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WBDX logo.png
City of license WBDX: Trenton, Georgia
WLLJ: Etowah, Tennessee
Broadcast area Chattanooga area
Branding J103
Slogan Shining the Light
Frequency WBDX: 102.7 MHz
WLLJ: 103.1 MHz
Format Contemporary Christian
ERP WBDX: 320 watts
WLLJ: 50,000 watts
HAAT WBDX: 419 meters
WLLJ: 150 meters
Class WBDX: A
Facility ID WBDX: 54445
WLLJ: 7932
Transmitter coordinates WBDX:
34°51′48.00″N 85°23′35.00″W / 34.8633333°N 85.3930556°W / 34.8633333; -85.3930556
35°27′24.00″N 84°40′43.00″W / 35.4566667°N 84.6786111°W / 35.4566667; -84.6786111
Former callsigns WBDX:
WJLL (1998)
WVKS (1986-1989)
WDRZ (1989-1999)
Owner Partners For Christian Media, Inc.
Webcast Listen Live
Website J103.com

WBDX (102.7 FM) is a radio station broadcasting a Contemporary Christian format. Licensed to Trenton, Georgia, USA, the station serves the Chattanooga, Tennessee area. The station is owned by Partners For Christian Media, Inc. The station is the Tennessee Valley's only local Contemporary Christian music station.[1] WLLJ (103.1 FM), licensed to Etowah, Tennessee, airs the same programming.[2][3]

History of WBDX[edit]

The station went on the air as WBDX on October 31, 1989 as a Top 40 station known as "B 103 The Outrageous FM" owned by local car dealer Herb Adcox. Throughout its early years the station was also known as "Magic 102.7" when it aired an Adult Contemporary format in the early 1990s. In January 1994 the station became "Talk 102.7" and took on a locally driven talk radio format, featuring local personalities, and the majorly popular afternoon drivetime show "Sport Talk". They kept this format until mid 1994, when "Talk 102.7" moved to 102.3. In mid-1994, WBDX flipped to classic rock known as "Fox 102", a format which had previously aired on 102.3. In early 1995 Partners For Christian Media bought WBDX. On March 4, 1995 WBDX started playing Contemporary Christian Music first under the name "102.7 The Light", but eventually they changed the name to "J103". The studio, which was also used during the station's previous formats, was originally located inside Eastgate Mall. In 1998 J103 moved to its current location in East Ridge, which is actually the former home of the now defunct RX-107, a former Contemporary Christian Music outlet in the Chattanooga area. On February 4, 1998 the station changed its call sign to WJLL, and on February 5, 1998, it changed back to WBDX. The station was originally affiliated Salem Communications to provide a large part of their on-air broadcasting. This included music programming from 7 p.m. – 6 a.m. and news. In 2005, the station dropped all Salem Communications programming and went fully local.[4]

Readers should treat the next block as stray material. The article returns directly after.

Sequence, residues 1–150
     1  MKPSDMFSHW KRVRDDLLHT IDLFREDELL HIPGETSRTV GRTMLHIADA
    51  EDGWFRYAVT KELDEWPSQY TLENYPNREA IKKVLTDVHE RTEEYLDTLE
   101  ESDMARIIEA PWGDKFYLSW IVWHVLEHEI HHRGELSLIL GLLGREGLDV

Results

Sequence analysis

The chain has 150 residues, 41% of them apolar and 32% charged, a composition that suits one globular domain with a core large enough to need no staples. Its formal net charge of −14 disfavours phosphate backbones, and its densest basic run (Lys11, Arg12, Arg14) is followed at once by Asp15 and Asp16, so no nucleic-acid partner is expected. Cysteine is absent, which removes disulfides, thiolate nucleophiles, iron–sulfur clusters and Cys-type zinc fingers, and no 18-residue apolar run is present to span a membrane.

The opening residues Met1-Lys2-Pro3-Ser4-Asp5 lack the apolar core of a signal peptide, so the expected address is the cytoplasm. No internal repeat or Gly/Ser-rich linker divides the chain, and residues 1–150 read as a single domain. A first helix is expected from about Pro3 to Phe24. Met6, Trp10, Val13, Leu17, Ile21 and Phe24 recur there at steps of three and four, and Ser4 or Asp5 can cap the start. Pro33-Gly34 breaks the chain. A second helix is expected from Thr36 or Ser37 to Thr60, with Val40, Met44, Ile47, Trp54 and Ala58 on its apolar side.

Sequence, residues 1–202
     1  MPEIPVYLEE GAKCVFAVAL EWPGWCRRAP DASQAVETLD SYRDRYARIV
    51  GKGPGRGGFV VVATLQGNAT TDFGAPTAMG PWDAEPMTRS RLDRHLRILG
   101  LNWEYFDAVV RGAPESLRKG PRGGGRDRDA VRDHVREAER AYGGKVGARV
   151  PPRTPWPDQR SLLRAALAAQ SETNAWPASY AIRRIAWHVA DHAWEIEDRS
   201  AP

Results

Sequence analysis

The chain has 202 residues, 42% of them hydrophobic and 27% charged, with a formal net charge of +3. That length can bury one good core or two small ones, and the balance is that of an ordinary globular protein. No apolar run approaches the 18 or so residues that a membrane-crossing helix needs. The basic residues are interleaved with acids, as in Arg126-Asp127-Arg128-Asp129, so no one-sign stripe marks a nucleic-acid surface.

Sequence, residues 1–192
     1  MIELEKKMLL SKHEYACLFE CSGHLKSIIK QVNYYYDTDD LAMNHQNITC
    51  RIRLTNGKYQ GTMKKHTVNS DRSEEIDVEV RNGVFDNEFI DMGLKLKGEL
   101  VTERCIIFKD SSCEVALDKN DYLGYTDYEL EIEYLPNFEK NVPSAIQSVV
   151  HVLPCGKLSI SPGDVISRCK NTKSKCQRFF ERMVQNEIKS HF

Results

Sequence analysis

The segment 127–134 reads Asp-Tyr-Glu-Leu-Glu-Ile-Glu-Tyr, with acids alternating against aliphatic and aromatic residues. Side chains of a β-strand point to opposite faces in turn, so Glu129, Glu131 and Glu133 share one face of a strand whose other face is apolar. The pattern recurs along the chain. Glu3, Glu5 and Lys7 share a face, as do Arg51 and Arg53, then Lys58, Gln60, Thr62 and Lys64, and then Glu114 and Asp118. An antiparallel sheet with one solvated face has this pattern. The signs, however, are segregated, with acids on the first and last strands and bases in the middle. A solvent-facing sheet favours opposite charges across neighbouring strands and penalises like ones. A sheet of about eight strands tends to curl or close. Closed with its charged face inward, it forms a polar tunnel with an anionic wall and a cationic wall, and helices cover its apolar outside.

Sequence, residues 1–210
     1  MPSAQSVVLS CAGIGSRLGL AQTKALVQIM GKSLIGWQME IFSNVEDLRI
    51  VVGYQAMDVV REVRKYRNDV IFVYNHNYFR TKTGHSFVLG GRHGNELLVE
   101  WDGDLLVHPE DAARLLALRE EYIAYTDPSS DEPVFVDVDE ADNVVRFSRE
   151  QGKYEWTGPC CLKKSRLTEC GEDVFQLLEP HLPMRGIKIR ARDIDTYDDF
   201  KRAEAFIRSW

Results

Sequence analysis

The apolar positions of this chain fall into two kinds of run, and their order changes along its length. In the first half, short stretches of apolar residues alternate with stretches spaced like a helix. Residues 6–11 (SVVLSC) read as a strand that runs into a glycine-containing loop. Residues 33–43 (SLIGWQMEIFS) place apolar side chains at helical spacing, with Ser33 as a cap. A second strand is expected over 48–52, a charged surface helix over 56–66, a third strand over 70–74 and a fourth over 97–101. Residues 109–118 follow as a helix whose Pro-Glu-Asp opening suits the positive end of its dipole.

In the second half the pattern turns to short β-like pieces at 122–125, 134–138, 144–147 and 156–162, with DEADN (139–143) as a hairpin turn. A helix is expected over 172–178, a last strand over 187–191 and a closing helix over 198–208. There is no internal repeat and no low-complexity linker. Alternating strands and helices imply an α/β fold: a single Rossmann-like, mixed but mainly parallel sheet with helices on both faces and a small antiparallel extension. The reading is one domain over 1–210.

History of WLLJ[edit]

The station went on the air as WVKS on December 29, 1986. On August 4, 1989 the station changed its call sign to WDRZ, and its format to Contemporary Christian Music. The station was known as "SuperPower 103". In the 1990s the station was owned by a man named Dr. Grey. In mid 1994 he fired the then station managers Bob and Debbie Lubell, (who now own J103), and installed a new staff and format. The station did not do well with its new country music format and soon flipped to modern rock. This format was also short lived, and in 1997 the station started simulcasting "97 Kicks FM" out of Chattanooga. On January 20, 1998 the callsign was changed to the current WLLJ. WLLJ operates with an effective radiated power of 50,000 watts, making the stations signal reach into the Knoxville market and upper East Tennessee and Western North Carolina area.[5]

In 1997, "Kicks FM" was adult contemporary and simulcasting on 97.3 FM and 103.1 FM. The station was co-purchased by Partners For Christian Media, with the help of Friendship Broadcasting in late 1997 and began simulcasting WBDX in February 1998.[6]


  1. ^ "WBDX Facility Record". United States Federal Communications Commission, audio division. 
  2. ^ "WLLJ 103.1 FM". Retrieved 2010-12-13. 
  3. ^ "WBDX 102.7 FM". Retrieved 2010-12-13. 
  4. ^ "WBDX Call Sign History". United States Federal Communications Commission, audio division. 
  5. ^ "WBDX Call Sign History". United States Federal Communications Commission, audio division. 
  6. ^ "Tennessee Airchecks". Retrieved 2010-12-13. 

External links[edit]